Here is my most recent offering in “The Hoya,” Georgetown’s campus newspaper.
A curious confluence of events took place last week at Georgetown.
First, a most unusual speaker graced the campus: a self-described Christian-libertarian-environmentalist-capitalist farmer named Joel Salatin. Salatin owns and runs Polyface Farm in Swope, Va., and has received some fame through appearances in the pages of Michael Pollan’s bestselling book, “The Omnivore’s Dilemma,” and in the film, “Food, Inc.” He spoke in terms both uproariously funny and profoundly moving about germs, earth, pigs, food and love. Author of the book “Everything I Want to Do is Illegal,” Salatin defended farming practices that mimic and respect the rhythms of nature, resist the industrial model that plunders the earth, restrain our tendency to see the world and its creatures merely as things for our pleasure and use and call upon humans to be good stewards of the earth.
Another event of interest was the second-annual “Sex Positive Week,” during which various campus groups explored human sexuality and, particularly, stressed forms of sexuality that would liberate individuals from traditional strictures and restraints.
A story on the Student Activities Commission involvement in the week’s events (“SAC Funds Sex Positive Week,” The Hoya, Feb. 19, 2010, A7) quoted organizers as stating that “Sex positive means respecting an individual’s right to do with their bodies what they want.”
I was struck by the juxtaposition of these events, since both dealt with the elemental kinds of appetite — for food and sex. Those two objects of our desire — both derived from instincts and impulses of the human body — are linked together by Aristotle in his discussion of the origins of political community. In “Politics” he wrote,
“Just as man is the best of animals when he perfected, when separated from law and justice he is the worst of all. … Without virtue he is the most unholy and savage of animals, particularly with regard to sex and food.”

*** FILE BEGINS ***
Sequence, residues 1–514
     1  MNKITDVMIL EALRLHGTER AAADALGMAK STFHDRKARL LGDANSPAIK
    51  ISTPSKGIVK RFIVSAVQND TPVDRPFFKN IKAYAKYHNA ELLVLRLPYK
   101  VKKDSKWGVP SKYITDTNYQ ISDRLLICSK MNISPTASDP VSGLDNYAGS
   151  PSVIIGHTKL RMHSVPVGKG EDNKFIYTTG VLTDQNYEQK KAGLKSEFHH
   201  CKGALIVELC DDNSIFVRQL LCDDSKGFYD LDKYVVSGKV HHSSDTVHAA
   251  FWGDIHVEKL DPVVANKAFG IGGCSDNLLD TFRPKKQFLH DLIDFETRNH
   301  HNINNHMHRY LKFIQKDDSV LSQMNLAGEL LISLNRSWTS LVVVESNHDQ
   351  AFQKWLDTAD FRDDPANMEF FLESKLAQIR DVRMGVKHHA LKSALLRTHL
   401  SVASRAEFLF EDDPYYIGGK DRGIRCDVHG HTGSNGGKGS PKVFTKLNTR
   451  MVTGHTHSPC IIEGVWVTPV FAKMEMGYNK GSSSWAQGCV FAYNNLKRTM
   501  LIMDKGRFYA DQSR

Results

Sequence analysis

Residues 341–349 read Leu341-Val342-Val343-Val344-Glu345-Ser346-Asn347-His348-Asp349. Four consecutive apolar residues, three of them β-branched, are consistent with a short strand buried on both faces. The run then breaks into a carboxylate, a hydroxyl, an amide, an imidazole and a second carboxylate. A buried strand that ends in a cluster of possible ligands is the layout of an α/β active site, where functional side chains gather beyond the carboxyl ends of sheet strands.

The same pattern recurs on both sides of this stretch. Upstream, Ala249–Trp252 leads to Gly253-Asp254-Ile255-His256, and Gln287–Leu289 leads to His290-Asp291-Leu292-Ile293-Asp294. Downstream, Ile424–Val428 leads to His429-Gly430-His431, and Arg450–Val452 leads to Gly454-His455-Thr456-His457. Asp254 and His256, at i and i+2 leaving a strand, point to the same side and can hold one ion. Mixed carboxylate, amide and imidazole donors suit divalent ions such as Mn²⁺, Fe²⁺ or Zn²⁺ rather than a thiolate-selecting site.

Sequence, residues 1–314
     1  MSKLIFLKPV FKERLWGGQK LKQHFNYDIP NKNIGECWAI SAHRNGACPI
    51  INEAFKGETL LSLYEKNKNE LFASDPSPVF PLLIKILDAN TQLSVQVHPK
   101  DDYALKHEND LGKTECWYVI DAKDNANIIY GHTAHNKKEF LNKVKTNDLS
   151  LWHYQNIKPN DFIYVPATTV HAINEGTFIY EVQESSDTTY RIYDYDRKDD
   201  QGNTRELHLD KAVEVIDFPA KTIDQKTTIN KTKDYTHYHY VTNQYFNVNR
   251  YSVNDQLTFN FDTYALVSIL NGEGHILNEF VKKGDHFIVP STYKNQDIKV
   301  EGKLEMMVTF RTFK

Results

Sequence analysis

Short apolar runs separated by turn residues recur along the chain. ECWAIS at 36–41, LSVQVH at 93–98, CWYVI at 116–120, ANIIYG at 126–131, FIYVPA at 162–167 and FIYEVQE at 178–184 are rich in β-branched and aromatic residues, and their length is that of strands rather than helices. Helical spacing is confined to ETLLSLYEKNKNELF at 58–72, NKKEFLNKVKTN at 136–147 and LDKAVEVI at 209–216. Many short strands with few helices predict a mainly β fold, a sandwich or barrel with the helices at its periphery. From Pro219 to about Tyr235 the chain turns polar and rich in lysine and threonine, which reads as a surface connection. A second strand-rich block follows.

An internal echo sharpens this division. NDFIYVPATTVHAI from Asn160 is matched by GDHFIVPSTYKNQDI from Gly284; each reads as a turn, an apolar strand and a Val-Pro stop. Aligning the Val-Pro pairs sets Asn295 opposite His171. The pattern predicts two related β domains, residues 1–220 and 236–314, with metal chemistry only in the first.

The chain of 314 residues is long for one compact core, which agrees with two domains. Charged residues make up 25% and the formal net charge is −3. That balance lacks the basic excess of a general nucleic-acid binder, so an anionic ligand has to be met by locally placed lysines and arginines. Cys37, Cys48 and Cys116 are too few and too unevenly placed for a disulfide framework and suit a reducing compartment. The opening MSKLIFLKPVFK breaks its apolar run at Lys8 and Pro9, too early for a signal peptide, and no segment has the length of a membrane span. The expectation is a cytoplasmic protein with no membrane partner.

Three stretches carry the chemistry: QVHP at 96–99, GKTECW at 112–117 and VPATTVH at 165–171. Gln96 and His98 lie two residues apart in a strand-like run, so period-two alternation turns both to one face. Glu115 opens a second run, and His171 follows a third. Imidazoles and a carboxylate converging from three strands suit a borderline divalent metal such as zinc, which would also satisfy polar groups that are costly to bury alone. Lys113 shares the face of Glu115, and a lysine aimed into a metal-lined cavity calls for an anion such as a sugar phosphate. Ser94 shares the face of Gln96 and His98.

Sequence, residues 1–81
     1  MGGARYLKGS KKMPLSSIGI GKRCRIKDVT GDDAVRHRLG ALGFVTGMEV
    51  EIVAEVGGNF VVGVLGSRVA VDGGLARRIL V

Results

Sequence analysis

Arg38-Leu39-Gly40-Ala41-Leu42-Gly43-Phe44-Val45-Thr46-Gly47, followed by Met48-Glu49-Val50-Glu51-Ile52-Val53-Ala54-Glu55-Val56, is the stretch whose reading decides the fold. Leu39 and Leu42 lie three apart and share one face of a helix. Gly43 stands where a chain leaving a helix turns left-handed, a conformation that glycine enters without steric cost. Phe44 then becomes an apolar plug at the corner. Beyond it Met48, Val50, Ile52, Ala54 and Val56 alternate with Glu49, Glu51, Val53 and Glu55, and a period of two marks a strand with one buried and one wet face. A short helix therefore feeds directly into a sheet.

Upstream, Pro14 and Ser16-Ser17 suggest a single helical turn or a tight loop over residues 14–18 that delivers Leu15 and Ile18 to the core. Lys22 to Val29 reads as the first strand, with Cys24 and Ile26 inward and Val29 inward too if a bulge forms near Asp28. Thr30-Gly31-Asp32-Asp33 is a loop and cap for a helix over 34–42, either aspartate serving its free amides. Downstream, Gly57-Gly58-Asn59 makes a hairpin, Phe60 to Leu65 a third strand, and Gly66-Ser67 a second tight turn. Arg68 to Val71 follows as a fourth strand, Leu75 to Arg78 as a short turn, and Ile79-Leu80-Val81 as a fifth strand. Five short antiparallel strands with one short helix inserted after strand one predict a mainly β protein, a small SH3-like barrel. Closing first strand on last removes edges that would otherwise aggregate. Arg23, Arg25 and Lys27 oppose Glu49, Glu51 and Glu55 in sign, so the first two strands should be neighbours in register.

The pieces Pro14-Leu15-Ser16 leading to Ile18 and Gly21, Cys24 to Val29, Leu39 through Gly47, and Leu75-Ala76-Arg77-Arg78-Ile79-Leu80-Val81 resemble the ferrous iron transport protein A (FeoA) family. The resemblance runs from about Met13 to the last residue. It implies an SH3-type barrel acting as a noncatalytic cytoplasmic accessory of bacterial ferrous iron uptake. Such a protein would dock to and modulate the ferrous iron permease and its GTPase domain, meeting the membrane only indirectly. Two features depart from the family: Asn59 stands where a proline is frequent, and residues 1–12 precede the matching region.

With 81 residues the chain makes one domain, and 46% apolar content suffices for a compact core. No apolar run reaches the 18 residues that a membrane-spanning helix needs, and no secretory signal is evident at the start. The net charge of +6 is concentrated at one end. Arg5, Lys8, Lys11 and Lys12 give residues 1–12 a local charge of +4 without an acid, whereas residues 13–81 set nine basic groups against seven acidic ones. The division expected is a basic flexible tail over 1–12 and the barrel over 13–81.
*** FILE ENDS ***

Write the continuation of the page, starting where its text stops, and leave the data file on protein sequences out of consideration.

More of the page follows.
Aristotle is pointing out that humans who are unable to restrain their most elemental appetites will prove unable to govern themselves in every other area of life.
The Christian tradition — building on this insight — named excesses in these areas lust and gluttony, and regarded them as two of the seven deadly sins. Indulgence in either was not to be considered a form of freedom, but the enslavement to desires without limit.
Salatin himself made this classical connection explicit during his lecture by comparing eating with most intimate sexual acts. He suggested that those who eat a plate of food without thinking of the effect its preparation has on the earth and its creatures, essentially act in the same way as those who engage in one-night stands. In a sense, fast food is comparable to fast sex: It is a kind of consumption that treats another as an object for our own satiation. We consume solely for the sake of our own pleasure, and in the process are likely to damage the object of our desire and even ourselves in ways that are thoughtless and utilitarian.
We live too much in a “food positive,” as well as a “sex positive” age — one in which we tend to defend self-seeking satiation of appetites as the individual right to do with our bodies what we want without thought of the moral ecological system that is damaged by our consumption. This is a stance that contributes equally to industrial sex — or pornography — and industrial farming. The first treats people — and the second, animals — merely as objects for our use and enjoyment.
Both of these are obscene, but in our current political arrangement, each party finds only one sin to be problematic.
And therein lies a great problem. The great and pressing issues of national and international import that face the current generation — indeed, which will burden today’s students throughout their lives — are rooted in the inability to govern our appetites and the tendency, instead, to assert our “right” to do what we want. This lack of restraint underlies the contemporary environmental, financial and debt crises — all of which are part of a broader moral crisis.
Our refusal to exercise governance over our most fundamental appetites has manifested itself not only in the individual excesses of lust and gluttony, but in the degradation of the earth, in the greed that nearly devastated an economic system and in the shameless “borrowing” from future generations in the name of current enjoyment. As I sat listening to Salatin, it was humbling to realize that the powerful and educated in the world’s imperial city stand to learn a great deal from a simple farmer from the provinces.